Thursday, January 04, 2007

The marvelous mayhem of Flickr and YouTube

In the olden days (a few years ago), posting photos to the web was a bit of a chore. And when you did post them, the images lived on your separate web space -- far from other photos posted by other folks around the world. Just those few years ago, posting videos was a distant dream, as bandwidth (the speed of your internet connection) and storage space was expensive.

Two web phenomena of the past few years have addressed both challenges, adding a whole new world of opportunity, connection, and social interaction in the process.

Both sites, Flickr and YouTube, are well beyond mere dumping grounds for photos and video content. They are social networking systems, designed to encourage users not only to post their content and browse the content of others, but to connect, comment, and cluster the content of others in a hundred different ways.

Flickr is a photo-sharing site with both free and ''pro'' account options. An upgrade to the "pro" account gives you unlimited storage, uploads, and the like for about $2 per month. Best to try the free account until you know you need more. Essentially, Flickr is a bundle of software and web scripts that help you upload digital photos to your account (through a web browser, by e-mail, or even from your photo-ready mobile phone), and then add elements to those photos like captions, text, tags, and keywords. You can invite anyone to view your photos, or you can limit access to a select group.

The cool part comes once the photos have been posted. Flickr has features to help you share your photos with friends and colleagues, and to view the updated photo streams of your friends as well. If you open up your photos to the world, then a whole world of users can find your images, comment on them, subscribe to your photo stream, or add you as a "buddy."

Having such a large user base contributing and browsing images makes Flickr an addictive place to visit, with photo galleries of the ''most interesting'' images on the site ("interestingness" is determined by how many links, comments, tags, and visits an image gets each day), and connections with amateur and professional photographers.

As a socially active site, Flickr is also an obvious ground for marketing people, events, shows, and other entertainments, which makes it a natural place to advance your organization, your artist, or your events. Imagine creating a Flickr account for your performing arts venue or your artist agency, posting promotional photos as well as images from the most recent events and performances. Flickr offers easy ways to include your evolving photo stream in your own web site, on weblogs, or anywhere else on the web. And the effective use of image tags ensures that your events or your artists show up on major search engines like Google.

For an example, check out the Flickr account of the Kimmel Center for the Performing Arts.

On the heels of Flickr came YouTube, a web site and system that does many of the same things, but with full-motion digital video. Users can post digital video to their free account, adding captions, descriptions, and keyword tags, and also view and connect the videos of others.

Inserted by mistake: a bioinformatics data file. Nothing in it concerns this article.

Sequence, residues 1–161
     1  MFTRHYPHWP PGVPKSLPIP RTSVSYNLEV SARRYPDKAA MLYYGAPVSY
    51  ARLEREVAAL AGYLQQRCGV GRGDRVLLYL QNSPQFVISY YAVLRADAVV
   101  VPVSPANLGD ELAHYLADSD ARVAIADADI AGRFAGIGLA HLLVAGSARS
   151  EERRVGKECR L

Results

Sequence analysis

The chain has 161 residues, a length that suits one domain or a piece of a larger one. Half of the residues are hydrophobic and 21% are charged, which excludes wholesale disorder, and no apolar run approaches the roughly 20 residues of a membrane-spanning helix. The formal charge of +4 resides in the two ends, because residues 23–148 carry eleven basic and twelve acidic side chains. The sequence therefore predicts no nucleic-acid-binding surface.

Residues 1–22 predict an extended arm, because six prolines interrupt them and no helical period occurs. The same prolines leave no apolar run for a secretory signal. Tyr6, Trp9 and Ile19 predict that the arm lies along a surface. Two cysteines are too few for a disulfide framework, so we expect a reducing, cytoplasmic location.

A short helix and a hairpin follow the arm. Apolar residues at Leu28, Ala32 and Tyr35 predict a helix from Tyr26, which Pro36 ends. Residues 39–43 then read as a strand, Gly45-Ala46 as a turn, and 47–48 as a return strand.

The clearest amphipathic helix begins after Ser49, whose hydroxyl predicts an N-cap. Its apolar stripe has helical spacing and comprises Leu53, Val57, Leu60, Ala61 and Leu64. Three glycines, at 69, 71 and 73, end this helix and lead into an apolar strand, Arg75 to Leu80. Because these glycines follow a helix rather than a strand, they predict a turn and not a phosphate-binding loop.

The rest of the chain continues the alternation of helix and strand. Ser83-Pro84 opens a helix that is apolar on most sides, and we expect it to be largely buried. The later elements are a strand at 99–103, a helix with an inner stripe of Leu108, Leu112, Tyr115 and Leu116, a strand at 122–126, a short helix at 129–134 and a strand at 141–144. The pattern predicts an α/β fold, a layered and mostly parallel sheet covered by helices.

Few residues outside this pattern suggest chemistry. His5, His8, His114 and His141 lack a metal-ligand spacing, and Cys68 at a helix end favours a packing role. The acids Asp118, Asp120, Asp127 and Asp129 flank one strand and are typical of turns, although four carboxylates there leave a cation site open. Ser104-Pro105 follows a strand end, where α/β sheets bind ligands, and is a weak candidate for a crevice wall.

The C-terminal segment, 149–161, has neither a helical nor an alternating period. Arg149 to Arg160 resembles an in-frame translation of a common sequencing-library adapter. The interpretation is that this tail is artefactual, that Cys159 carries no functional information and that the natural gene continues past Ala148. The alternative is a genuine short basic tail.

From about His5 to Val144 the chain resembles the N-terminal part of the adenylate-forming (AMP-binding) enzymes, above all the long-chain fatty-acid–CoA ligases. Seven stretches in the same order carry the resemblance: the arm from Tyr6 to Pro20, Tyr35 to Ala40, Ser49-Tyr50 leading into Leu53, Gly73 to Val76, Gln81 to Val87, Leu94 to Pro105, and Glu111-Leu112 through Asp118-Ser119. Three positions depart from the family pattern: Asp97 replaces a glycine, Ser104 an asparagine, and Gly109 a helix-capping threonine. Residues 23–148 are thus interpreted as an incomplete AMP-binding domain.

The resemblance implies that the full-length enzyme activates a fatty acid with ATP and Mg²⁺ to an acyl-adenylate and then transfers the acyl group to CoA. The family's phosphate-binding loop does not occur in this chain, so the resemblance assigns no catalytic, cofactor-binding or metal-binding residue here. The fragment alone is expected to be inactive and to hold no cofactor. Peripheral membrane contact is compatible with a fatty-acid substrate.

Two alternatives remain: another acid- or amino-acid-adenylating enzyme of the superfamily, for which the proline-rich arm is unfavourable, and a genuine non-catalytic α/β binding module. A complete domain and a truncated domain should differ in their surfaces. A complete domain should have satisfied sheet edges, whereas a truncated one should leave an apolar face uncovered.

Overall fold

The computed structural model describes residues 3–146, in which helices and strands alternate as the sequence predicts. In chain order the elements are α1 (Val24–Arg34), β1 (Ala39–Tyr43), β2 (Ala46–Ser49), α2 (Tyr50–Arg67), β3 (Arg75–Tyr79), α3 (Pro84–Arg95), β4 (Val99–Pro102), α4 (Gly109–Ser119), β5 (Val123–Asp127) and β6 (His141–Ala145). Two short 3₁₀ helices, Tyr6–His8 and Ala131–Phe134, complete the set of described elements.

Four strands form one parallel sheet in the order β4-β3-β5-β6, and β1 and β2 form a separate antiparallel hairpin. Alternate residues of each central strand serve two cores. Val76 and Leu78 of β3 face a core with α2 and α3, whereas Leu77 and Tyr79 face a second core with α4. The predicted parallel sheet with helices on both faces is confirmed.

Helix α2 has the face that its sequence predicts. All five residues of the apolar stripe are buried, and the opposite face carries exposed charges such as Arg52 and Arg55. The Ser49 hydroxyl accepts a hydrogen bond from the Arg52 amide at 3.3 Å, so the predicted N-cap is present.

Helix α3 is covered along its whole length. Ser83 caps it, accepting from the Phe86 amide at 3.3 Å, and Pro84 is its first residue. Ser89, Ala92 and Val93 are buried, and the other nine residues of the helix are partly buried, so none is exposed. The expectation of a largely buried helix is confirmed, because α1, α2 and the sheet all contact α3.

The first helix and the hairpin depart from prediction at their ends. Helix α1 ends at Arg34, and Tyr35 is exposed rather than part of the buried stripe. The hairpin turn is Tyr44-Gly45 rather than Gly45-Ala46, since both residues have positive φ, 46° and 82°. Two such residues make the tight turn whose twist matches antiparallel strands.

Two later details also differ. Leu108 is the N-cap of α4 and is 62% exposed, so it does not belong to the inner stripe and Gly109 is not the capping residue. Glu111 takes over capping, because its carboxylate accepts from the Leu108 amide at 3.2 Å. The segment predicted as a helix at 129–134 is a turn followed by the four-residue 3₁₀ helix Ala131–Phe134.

The synergy of this idea made YouTube the site to watch in 2006, as user-generated videos flowed in surrounding major news stories (London bombings, Hurricane Katrina), often with more speed and depth than network news could manage. The low barriers to entry also made YouTube a massive cultural phenomenon, with the rise of "video bloggers" (individuals posting video diaries of their lives, their opinions, and their creative expressions) and social networks built around favorite funny videos or long-lost film -- think America's Funniest Home Videos, on steroids.

For the arts presenter, manager, or artist, YouTube offers opportunities that were, until recently, too expensive and complex to consider. With a YouTube account, any arts presenter, manager, or independent artist can post videos for the world to see -- demo songs, performance excerpts, guided tours of a facility, video interviews with artists, and on and on. And as with Flickr, once content is posted, it can be dynamically included on your own organization's web site, promoted through e-mail, and linked to a larger world of arts lovers, business colleagues, or enthusiasts.

Already, Hollywood studios are posting movie trailers on YouTube, encouraging fans to spread the word about upcoming releases (remember Snakes on a Plane?...sorry if you do). Imagine a similar network of artist performance excerpts, interviews, and documentary footage, all connected to performing arts organization web sites at no cost to the agent, the artist, or the presenter.

A Caveat about Copyright
As Flickr and YouTube have grown, so has the challenge of protecting copyrighted creative work. Still images and moving images with sound often have complex ownership issues. And just because you have a digital copy of something, doesn't give you the right to post it for the wider world to see.

So, as you dip your toe into the content-sharing worlds of these two sites, be sure you have the rights or the express permission of the various owners of the content to post their work (the composer, the artist, the designer, the producer, the union, and anyone else who played a role in creating the image or video content).

Sharing is a wonderful thing. But you can only share what's yours.

[Ed note - for those visiting YouTube for the first time and wondering where to start browsing, Terry Teachout has compiled a wonderfully absorbing index of hundreds of amazing performances uploaded onto YouTube including Maria Callas, Louis Armstrong, Blossom Dearie, Edward Elgar, Leadbelly, Astor Piazzolla, Frank Zappa, and Stevie Wonder, among many many others. Just follow the link and scroll down nearly to the bottom and look on the right.]

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